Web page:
Introduction/background The prevalence of Sudden Cardiac Death (SCD) in the Irish people aged 15–35 years is estimated at 2.68 per 100,000/yr. Over 1/3 of SCD deaths are attributed to cardiomyopathies which are frequently inherited in an autosomal dominant pattern, meaning 1st degree relatives have a 50% chance of being affected. Population screening for these conditions is challenging due to low prevalence, genetic heterogeneity and variable penetrance, along with insensitive diagnostic tools. Conventional echocardiography is an accepted tool in screening, however sensitivity varies considerably. Gadolinium contrast cardiac MRI (gCMR) in this population has not previously been evaluated.
Hypotheses The addition of gCMR as standard evaluation of 1st degree relatives of SCD victims will aid in identification of affected relatives at an earlier stage and improve our ability to prevent further deaths.
Methods This is a single center observational study of first degree relatives of SCD victims due to Cardiomyopathy. Assessment compromised a history, family pedigree, electrocardiogram (ECG), ambulatory ECG monitoring (Holter), exercise testing (EST), 2-Dimensional Echocardiogram (ECHO), signal average ECG (SAECG), and gCMR. All results interpreted by experienced physicians, and where necessary expert opinion from relevant specialities was sought. Patients were excluded from the study if they were aged below 16 years, pregnant or breastfeeding, or had renal impairment GFR < 30 ml/min/1.73 m2).
Results 102 individuals were included.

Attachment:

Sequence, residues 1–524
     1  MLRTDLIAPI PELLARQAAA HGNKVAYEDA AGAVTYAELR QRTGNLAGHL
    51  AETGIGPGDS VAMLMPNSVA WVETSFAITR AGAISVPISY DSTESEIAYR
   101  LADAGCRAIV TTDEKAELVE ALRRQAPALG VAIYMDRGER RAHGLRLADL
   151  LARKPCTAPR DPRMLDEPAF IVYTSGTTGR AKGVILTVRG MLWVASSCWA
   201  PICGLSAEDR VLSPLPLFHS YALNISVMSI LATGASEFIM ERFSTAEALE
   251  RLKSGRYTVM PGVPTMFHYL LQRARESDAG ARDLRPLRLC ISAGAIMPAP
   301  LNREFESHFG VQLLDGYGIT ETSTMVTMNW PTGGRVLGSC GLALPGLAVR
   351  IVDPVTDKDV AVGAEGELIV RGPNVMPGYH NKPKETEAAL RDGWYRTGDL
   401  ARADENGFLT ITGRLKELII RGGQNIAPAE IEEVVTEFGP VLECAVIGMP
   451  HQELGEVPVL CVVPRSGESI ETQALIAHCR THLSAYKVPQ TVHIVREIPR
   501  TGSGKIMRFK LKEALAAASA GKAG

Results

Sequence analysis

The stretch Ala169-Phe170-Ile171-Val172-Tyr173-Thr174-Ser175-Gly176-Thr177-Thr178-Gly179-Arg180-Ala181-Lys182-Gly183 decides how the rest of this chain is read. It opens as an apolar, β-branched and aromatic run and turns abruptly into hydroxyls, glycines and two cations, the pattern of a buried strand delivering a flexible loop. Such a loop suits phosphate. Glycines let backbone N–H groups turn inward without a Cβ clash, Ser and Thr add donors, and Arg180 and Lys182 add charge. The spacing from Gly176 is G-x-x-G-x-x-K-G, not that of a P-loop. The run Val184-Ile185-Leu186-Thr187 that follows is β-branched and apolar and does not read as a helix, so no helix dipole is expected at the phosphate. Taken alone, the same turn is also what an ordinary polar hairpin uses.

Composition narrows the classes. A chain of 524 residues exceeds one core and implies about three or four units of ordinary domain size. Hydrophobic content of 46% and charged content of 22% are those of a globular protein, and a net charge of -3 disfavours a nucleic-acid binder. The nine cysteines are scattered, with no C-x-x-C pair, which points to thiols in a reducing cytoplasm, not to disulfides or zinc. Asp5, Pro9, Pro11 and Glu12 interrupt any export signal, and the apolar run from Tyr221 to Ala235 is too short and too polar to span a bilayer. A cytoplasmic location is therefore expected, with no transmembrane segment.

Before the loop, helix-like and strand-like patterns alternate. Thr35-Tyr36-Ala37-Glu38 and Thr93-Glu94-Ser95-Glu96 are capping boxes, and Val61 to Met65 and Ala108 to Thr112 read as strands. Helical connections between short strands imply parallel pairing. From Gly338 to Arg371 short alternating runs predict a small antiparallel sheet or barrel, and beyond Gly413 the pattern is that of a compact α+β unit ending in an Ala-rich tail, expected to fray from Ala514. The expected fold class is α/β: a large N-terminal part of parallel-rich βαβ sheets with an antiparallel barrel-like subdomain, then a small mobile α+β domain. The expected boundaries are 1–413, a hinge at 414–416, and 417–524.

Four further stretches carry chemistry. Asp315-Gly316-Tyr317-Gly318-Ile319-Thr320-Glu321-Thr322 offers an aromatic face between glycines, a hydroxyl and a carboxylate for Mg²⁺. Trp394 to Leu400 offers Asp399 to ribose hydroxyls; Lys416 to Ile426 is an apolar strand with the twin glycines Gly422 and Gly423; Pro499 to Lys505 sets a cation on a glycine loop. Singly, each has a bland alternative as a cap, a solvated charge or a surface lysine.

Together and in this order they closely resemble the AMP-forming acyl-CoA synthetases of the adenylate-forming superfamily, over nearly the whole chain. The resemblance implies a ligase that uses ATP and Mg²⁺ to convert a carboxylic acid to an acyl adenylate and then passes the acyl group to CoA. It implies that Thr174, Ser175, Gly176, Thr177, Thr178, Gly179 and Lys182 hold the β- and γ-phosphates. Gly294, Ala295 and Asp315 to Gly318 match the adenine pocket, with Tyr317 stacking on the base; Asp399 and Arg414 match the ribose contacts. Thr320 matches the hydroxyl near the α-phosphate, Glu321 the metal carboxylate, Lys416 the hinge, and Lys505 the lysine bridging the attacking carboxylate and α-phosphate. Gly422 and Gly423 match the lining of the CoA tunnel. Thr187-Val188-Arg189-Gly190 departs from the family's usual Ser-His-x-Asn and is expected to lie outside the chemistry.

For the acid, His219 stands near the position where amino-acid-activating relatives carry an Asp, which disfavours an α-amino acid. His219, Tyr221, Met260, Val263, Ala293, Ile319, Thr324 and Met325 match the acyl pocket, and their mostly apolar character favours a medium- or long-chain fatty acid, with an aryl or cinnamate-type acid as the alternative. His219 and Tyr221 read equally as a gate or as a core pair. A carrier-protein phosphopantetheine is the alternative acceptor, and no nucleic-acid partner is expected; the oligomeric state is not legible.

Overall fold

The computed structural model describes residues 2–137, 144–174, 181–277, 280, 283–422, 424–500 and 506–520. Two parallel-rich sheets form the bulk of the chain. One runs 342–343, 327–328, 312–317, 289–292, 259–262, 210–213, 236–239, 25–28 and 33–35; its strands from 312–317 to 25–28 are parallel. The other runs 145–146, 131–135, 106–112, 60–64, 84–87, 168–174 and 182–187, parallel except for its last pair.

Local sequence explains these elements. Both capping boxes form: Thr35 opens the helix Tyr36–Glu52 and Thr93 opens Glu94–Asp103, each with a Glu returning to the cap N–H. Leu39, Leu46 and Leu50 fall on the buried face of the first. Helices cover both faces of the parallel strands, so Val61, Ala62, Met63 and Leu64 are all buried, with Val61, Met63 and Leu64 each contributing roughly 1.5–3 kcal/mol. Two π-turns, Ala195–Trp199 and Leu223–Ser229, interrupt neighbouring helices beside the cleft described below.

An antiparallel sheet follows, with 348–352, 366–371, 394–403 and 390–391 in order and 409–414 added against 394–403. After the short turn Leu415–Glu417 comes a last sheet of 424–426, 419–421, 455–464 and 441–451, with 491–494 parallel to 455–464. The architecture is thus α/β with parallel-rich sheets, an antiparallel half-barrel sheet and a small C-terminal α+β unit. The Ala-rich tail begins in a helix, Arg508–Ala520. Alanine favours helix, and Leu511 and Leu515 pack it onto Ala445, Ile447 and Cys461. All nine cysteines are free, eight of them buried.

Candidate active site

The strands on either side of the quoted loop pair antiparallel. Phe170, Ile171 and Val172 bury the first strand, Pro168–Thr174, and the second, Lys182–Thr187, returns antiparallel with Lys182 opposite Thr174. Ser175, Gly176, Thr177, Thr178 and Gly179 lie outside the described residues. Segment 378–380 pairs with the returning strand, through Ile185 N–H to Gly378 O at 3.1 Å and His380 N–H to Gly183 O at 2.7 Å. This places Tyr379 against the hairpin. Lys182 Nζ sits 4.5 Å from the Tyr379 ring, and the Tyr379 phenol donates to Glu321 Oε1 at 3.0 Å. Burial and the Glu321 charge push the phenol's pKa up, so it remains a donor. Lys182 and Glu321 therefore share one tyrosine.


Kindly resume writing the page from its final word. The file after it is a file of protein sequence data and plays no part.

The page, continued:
41 had abnormal gCMR (A-gCMR). Of these 54% had only structural abnormalities and almost 1/3 had structural abnormality with fibrosis as demonstrated by late gadolinium enhancement (LGE). 6 individuals had fibrosis only – ie no other structural findings.
CMR and ECHO agreed on 68% of results.
gCMR changed the diagnosis completely in 30 individuals.
gCMR identified a new diagnosis in 14% of individuals whose ECHO was reported as being normal. 38% of these new diagnoses were based on the identification of LGE.
gCMR was normal in 17% whose ECHO was reported to be abnormal (false positive ECHO) with most common issue being over-diagnosis of diastolic dysfunction.
A-gCMR positively correlated with abnormalities on the other non-imaging investigations compared with A-ECHO (an additional 14% had abnormal ECG and 7% had abnormalities on all 3 of ECG, EST and Holter).
Conclusion Addition of contrast enhanced CMR improves diagnostic accuracy and sensitivity compared to ECHO used in conventional screening in the 1st degree relatives of SCD due to Cardiomyopathy.
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